The front-wheel drive cars have a naturally aspirated, 1.6-litre four-cylinder engine with around 200bhp. The four-wheel drive cars get turbocharged engines with about 300bhp. So my Skoda can accelerate from 0-60mph in 2.5 seconds on dry roads, but is geared for rapid acceleration so the top speed is only 110mph.
It feels as though everything comes at you a lot quicker. Mentally it’s tougher but physically it’s easier to drive. To get the most out of a 2WD car you have to be very aggressive, whereas in a 4WD car you can let the tech’ and electronics sort out the car and find the balance.
Some people might be surprised to learn that Skoda is one of the leaders in rallying. What’s makes the Fabia a pocket rocket?
It’s the most successful rally car on the market at the moment. It’s a proven package, and that’s why we made the decision to go with it. Citroen and Volkswagen are both coming back in with R5 cars, and we’ll be watching them with interest.
You’ve chosen to run with Toksport, a German team. What makes them a good fit for a champion?
It’s an international team, with a fantastic bunch of guys with huge experience and a professional approach. Our first test, in Wales, went well and we immediately struck up a good rapport.
Photo credit: Flat-Out
The first rally is in Azores, at Sao Miguel. Great roads and views but what about those active volcanoes…?!
It’s like being on the set of Jurassic Park - an amazing place for a rally. The locals are so passionate about the event. I have been four times now and am really well known; I can’t walk down the main road without being mobbed by fans.
Have you ever visited the ghost hotel – the Monte Palace?
It’s awesome – we explore it every time we’re there. It’s where the volcano stage starts, and the views from there are unbelievable
What’s the set-up and driving technique for the loose surfaces?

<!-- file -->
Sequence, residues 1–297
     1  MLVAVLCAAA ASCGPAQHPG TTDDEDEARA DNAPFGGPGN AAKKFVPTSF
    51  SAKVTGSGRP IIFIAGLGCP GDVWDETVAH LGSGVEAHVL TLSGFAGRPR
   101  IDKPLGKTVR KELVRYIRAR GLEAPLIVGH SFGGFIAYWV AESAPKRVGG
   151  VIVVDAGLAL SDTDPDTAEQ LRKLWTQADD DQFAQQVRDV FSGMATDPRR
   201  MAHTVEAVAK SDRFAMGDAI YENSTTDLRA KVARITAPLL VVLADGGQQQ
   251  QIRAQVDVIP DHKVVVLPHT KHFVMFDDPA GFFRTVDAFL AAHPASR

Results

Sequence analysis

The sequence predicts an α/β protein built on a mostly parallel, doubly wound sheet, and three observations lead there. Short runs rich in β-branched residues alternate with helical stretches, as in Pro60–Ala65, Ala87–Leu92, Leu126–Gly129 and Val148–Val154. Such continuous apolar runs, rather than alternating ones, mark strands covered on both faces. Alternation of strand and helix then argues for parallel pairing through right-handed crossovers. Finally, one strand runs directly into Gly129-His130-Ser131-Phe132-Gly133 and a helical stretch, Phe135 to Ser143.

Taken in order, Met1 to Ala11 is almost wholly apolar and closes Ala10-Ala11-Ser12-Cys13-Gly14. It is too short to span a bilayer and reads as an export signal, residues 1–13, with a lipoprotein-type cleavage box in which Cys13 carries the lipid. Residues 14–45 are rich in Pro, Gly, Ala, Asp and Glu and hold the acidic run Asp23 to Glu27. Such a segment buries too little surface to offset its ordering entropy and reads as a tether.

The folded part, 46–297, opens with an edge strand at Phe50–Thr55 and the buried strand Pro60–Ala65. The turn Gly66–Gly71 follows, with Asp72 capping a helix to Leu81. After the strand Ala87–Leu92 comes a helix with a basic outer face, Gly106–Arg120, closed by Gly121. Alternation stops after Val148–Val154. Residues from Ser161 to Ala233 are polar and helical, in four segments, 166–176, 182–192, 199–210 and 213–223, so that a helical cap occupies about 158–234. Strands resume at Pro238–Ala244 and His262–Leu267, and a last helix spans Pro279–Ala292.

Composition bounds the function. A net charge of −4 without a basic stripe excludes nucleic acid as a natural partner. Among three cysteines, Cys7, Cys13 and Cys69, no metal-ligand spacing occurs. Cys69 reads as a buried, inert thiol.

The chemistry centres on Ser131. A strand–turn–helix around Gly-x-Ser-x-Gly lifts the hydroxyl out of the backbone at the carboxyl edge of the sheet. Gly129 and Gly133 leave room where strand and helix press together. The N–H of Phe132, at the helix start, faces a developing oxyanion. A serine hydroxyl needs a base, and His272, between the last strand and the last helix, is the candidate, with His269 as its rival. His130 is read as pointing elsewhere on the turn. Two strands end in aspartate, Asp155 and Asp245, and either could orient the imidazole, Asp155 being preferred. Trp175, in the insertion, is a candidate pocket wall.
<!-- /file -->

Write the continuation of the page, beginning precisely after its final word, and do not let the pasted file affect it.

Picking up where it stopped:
It is one of the slowest, most technical rallies on the calendar. The gravel roads are tight and twisty, so you need the car to turn-in well to corners, which means you don’t want as much stability as you need to change direction quickly. So we try to make the car edgy – which is quite rare.
Which is the most demanding event in this year’s schedule?
On gravel, it’s the Azores. On tarmac, it’s the Rally of Rome. It’s really difficult, dangerous almost, with fast stages that are bumpy and narrow. Also, it’s quite a new rally so no one knows the routes, adding to the challenge.
What’s your physical training routine?
I’m at the gym five days a week but to be honest driving is the best possible training you can get, as it’s important to be mentally fit and focused. Psychology is also key. I am on the MSA Team UK and they provide a personal coach who helps with all aspects of my preparation. It can be tiring; after a rally you are drained and tired, having run out of adrenalin.
If everything goes according to plan, this year, what’s your next step?
I’d hope to win the overall European Rally Championship next year, which would give me a shot at driving in the World Rally Championship.
You have come so far since your first F1000 title, at the age of 17. Without whom couldn’t you have done this?
My dad, 100%. He gave me the opportunity to start rallying and see what I was made of. Nothing would have been possible without my dad. At the same time, I’m glad we did it the right way. I’m not from a wealthy background, and if I was I don’t think I would be where I am now, I have had to work for it and it has made me better and hungrier to succeed.
Follow Chris’ progress in the European Rally Championship. The CarFinance 247 blog will feature rally reports from Chris after each event in 2018.